Energy

The economics of wind. The role of coal in the energy economies of the U.S. and Illinois. Whether and how to support emerging technologies to burn coal more cleanly. The environmental costs of mining and consuming coal for power generation. Whether and how to effect a transition to renewables and away from fossil fuels. How to make public transit a viable alternative and conservation through efficiency a widespread private habit.

 

Today's readers will recognize these as very current issues—as they also were in the 1970s and early 1980s when I started writing about energy. The nation was then being in hock, in effect, to the oil sheiks, and when they shut off imports in 1973 it caused a shock that the U.S. would not feel again until 9-11, when Saudis led a different kind of attack on America.

 

The panic then was how to achieve energy independence. The panic today is about how to avoid rendering the planet inhospitable to humans because of the heedless combustion of fossil fuels. But while the ends of policy have shifted, the means are mind-numbingly familiar. Everything that had to be explained, over and over, in the 1970s has to be explained again 30 years later. No one learned. Not much changed, and even what did change didn't change for the right reasons. 

 

Which means, perhaps, that these pieces will strike younger readers today as fresh and relevant. I hope so.

Note: The City of Springfield owns its own power generation facility, a legacy of the public power socialists of the 1920s, so energy is a matter of local policy in Springfield. That made it an appropriate subject for Illinois Times columns, links to which appear below. 

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The Battles Over the Ground and Behind the Doors

Healing damaged farmland in Illinois

Illinois Issues  January 1985

The (Energetic) Ambition of Frank Beal

The thinking bureaucrat's sort of bureaucrat

Illinois Issues April 1980

Transportation and the Government's Uneven Hand

State intervention in the transportation marketplace

Illinois Issues  October 1981

Illinois coal series (six parts)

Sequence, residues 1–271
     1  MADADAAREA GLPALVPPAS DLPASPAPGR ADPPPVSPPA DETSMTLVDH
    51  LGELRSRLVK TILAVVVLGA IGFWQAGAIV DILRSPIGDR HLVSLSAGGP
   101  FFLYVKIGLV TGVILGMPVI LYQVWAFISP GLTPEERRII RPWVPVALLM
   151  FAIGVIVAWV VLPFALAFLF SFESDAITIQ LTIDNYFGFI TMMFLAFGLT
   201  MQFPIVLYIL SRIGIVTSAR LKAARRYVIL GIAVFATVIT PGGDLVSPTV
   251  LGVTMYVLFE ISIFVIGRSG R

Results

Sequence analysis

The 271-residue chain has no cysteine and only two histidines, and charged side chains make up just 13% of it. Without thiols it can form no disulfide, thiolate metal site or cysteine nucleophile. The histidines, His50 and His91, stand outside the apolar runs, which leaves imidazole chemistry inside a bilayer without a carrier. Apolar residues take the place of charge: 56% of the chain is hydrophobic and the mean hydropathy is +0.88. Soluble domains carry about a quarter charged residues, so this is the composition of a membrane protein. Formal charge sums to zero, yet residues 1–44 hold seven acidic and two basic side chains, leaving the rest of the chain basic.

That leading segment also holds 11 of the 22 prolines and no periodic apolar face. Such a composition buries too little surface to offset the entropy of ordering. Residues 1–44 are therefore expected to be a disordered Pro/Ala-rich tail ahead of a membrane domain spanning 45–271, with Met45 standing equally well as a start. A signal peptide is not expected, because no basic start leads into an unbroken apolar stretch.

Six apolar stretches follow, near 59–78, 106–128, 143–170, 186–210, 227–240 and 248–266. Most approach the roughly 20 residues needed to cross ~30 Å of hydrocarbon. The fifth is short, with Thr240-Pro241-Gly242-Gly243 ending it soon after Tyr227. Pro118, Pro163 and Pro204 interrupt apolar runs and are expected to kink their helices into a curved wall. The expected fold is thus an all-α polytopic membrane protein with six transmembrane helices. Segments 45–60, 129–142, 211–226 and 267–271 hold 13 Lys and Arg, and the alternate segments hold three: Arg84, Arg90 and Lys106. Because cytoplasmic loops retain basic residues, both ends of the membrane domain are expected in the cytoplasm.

Illinois Issues  July-December 1979

The UMW Battlefield Moves Beyond  the Coal Field

A feature article about one of Illinois labor's lost causes

Illinois Issues April 1980

Illinois: The Land of Ethanol

On converting Illinois corn to motor fuel

Illinois Issues January 1981

Manna from Decatur

On the fraud of corn-based motor fuels

Illinois Issues  October 2007

Corn, Coal, Corn 

Can a corn field have a life after strip mining?

Illinois Issues  July 1980

Mined Land Reclamation: Ends and Means

Healing damaged farmland in Illinois

Illinois Issues  December 1984

Agency Problems

The dilemmas of public power on a warming planet

“Dyspepsiana” Illinois Times July 27, 2017

Springfield City Water, Light & Power

Harvesting Electricity

The newest energy crop from Illinois fields

“Dyspepsiana”  Illinois Times  January 21, 2010

It’s Not the Heat But the Stupidity

Our summer cooling technologies remain unevolved

“Dyspepsiana”  Illinois Times  July 29, 2010   

Greener than Thou       

Mayor Davlin wants to make Springfield the No. 1 green city

“Dyspepsiana”  Illinois Times  September 16, 2010

Lousy Socialists

Can CWLP be managed for the people’s benefit?

“Dyspepsiana”  Illinois Times December 20, 2012 

 

What Would Willis Do?

Will CWLP not have to clean up its act?

“Dyspepsiana”  Illinois Times October 5, 2017

‘Great Refrigerator Roundup’ Is a Bad Bargain

City Water, Light & Power’s efficiency rebates are inefficient    

“Dyspepsiana”  Illinois Times  October 8, 2009

Energy for Illinois

A big-picture summary

Illinois Issues  August 1980

Energy-efficient Buildings

Should intelligent selfishness be mandatory?

Illinois Issues  June 1981

Damning the Coal Company

Trading coal today for corn forever

“Prejudices”  Illinois Times  January 18, 1980

Dumb

Springfield loses its cool

“Prejudices"  Illinois Times  April 14, 1983

Rush to Judgment

Does Illinois export acid rain?

“Prejudices”  Illinois Times  March 22, 1984

Closing Doors

Illinois institutions try to keep the heat in

“Prejudices”  Illinois Times  January 12, 1984